Charles Rosen reviews The Oxford History of Western Music by Richard Taruskin, in the New York Review of Books:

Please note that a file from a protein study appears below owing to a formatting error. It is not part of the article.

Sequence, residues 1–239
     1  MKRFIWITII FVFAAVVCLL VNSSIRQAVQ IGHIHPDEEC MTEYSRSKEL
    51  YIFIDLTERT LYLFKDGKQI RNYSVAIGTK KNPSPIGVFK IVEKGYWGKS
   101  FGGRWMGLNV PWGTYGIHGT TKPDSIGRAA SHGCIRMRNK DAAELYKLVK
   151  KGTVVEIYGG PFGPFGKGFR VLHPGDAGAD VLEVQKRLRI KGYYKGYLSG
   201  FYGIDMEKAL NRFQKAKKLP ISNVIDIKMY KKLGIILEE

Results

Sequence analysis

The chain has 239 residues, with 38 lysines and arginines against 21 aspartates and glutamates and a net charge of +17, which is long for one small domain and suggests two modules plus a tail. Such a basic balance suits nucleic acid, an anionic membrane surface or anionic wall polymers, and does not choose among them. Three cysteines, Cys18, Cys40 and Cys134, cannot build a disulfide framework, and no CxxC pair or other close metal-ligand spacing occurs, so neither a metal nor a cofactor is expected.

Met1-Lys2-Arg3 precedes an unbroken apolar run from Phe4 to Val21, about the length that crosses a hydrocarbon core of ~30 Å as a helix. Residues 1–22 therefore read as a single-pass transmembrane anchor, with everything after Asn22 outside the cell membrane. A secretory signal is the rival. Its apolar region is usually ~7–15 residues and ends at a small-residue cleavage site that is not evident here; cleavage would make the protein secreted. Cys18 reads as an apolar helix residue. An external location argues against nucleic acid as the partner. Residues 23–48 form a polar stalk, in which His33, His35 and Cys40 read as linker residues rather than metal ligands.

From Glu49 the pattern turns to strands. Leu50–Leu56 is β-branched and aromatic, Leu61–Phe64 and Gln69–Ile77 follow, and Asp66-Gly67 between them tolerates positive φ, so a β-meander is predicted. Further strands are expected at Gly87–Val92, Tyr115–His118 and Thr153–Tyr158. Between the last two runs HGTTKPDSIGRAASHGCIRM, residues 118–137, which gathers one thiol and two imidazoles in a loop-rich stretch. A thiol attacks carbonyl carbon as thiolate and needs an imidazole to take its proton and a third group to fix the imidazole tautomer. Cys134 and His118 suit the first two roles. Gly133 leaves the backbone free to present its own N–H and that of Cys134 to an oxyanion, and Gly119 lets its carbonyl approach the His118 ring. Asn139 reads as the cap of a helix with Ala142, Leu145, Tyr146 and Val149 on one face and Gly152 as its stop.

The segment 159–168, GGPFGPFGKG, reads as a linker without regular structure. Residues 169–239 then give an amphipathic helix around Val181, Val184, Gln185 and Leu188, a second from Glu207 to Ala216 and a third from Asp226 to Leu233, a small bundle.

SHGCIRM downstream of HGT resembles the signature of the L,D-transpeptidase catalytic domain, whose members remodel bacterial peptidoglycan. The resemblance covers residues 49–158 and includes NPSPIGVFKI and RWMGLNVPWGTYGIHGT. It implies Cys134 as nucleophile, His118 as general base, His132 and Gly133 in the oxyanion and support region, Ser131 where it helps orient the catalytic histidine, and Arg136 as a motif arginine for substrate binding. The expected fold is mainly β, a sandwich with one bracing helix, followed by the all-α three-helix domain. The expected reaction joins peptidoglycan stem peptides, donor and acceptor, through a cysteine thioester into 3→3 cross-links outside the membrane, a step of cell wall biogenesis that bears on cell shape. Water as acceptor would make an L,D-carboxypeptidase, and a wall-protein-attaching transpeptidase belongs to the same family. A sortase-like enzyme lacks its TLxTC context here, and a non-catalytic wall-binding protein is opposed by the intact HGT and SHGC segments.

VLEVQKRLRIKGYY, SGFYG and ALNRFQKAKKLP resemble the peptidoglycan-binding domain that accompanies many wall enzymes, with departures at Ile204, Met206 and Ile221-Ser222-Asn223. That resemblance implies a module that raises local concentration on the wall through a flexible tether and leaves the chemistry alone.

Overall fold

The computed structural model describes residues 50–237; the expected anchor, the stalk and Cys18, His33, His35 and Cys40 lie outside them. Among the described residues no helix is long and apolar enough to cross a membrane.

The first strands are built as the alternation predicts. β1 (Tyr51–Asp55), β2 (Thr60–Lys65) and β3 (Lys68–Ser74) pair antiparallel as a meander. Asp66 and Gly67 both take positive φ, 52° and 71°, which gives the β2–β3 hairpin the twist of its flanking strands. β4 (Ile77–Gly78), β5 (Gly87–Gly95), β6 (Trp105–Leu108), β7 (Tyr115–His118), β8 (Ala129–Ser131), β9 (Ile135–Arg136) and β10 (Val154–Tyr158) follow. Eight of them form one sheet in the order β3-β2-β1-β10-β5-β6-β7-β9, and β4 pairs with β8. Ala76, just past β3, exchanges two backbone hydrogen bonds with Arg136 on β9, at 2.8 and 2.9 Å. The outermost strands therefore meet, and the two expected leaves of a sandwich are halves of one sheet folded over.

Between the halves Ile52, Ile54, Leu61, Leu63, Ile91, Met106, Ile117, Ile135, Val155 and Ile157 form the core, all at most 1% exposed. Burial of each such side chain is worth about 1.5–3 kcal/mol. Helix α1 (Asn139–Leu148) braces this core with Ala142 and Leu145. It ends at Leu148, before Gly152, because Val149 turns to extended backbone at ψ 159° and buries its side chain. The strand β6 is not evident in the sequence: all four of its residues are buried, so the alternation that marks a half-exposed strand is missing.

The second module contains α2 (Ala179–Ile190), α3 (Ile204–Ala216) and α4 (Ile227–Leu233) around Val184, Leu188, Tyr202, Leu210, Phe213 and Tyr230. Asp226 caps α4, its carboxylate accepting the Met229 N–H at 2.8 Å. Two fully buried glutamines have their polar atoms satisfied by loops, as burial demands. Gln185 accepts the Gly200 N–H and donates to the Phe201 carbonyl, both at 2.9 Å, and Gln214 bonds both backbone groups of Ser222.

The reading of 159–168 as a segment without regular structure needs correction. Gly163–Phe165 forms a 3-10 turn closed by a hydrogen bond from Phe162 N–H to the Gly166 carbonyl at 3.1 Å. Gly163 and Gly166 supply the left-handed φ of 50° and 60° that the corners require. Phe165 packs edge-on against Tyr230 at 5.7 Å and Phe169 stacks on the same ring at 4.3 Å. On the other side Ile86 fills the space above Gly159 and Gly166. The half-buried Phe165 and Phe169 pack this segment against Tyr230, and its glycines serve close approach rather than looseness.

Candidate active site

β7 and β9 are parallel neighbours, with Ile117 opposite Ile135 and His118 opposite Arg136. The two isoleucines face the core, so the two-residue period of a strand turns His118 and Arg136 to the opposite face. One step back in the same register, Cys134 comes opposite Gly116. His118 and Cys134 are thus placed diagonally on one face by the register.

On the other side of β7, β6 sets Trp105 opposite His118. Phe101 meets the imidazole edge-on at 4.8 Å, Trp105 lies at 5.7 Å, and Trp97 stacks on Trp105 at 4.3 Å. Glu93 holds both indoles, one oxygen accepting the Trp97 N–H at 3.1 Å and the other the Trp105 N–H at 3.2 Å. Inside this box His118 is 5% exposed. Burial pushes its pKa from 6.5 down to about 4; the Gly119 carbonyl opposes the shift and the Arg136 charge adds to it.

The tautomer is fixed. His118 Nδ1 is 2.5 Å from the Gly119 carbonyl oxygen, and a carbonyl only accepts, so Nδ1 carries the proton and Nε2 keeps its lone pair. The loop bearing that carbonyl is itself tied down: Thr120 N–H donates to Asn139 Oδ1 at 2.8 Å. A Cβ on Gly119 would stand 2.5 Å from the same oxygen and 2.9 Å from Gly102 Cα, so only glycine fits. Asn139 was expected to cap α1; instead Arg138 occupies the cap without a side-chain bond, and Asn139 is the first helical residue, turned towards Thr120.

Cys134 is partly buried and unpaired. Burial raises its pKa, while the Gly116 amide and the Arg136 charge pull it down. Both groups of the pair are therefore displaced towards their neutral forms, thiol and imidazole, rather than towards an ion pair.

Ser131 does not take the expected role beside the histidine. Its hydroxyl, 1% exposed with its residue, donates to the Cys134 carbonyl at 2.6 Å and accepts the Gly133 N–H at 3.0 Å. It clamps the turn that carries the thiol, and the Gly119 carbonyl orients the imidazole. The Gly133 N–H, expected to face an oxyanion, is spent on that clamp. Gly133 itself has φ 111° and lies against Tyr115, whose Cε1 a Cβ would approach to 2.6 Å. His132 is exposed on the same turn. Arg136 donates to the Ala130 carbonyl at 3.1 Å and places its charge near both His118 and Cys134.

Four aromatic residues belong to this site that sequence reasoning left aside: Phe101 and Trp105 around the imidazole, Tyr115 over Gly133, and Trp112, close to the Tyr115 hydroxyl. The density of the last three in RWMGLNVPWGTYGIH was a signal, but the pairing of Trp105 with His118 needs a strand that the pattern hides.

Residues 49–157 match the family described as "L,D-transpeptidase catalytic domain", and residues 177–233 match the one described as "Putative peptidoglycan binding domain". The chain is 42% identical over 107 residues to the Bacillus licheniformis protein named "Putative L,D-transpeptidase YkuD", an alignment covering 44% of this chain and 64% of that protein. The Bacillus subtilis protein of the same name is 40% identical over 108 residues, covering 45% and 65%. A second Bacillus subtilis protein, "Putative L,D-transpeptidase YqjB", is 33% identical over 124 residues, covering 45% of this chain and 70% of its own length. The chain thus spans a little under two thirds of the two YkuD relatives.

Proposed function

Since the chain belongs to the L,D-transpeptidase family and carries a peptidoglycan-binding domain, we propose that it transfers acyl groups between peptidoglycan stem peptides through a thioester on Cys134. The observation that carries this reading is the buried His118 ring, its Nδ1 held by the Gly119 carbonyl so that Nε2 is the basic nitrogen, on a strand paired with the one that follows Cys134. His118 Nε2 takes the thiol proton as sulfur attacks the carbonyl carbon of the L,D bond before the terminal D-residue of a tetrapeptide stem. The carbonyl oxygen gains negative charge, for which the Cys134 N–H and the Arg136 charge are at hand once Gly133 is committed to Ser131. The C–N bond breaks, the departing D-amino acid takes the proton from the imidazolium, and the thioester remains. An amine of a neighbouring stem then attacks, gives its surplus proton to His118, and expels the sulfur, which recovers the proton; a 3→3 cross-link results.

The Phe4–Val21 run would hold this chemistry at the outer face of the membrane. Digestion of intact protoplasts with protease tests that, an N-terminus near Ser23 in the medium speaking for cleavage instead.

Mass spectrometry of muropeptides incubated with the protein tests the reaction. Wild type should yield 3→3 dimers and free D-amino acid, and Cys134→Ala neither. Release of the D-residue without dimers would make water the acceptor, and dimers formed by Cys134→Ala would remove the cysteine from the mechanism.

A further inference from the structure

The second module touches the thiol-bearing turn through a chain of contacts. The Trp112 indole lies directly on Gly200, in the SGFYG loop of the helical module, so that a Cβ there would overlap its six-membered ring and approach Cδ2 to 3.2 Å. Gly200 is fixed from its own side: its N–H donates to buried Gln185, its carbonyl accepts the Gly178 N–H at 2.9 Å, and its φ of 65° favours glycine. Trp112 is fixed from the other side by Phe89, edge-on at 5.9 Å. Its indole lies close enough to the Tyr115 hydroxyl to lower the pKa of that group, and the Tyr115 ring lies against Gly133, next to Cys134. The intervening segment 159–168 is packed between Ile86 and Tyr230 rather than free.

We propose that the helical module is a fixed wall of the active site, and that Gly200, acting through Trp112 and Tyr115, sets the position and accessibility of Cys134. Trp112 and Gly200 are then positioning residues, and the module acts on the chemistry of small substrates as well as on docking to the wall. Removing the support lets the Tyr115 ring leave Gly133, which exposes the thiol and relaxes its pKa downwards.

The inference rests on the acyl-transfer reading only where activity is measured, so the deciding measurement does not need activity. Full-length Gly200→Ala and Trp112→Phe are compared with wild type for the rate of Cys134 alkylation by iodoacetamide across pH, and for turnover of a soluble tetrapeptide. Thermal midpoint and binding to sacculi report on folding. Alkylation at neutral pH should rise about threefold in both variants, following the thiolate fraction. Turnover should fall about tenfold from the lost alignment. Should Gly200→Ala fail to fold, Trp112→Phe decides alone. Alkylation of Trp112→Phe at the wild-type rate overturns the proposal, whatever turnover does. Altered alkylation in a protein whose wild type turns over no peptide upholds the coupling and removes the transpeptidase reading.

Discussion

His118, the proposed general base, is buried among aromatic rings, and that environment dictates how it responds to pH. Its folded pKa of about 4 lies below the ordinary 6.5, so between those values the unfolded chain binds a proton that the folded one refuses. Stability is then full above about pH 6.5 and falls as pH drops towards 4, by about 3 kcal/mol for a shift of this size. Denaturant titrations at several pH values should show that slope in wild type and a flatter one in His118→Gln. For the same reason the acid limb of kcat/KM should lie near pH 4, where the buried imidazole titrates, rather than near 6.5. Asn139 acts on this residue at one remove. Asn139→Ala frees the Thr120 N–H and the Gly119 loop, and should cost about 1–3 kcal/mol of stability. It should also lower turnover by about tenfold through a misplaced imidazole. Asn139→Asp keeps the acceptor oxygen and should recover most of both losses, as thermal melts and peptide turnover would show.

A history of Western music is, more or less, a history of all the music that has a history—that is, a large body of musical works that stretch from a distant past to the present through a series of stylistic revolutions. Other civilizations, India in particular, have magnificent musical traditions, but few authentic, documented musical works survive from their past. Only in the West was there an elaborate system of notation that delivered the musical artifacts of more than a millennium to the future, and, as a consequence, only in the West has there been an extravagant historical development from the Gregorian chant of the tenth century to the symphonic complexities of Wagner and Stravinsky, and the contested triumphs of modernism. Western music, in short, has a history that can be placed in richness and complexity by the side of a history of literature and a history of the visual arts.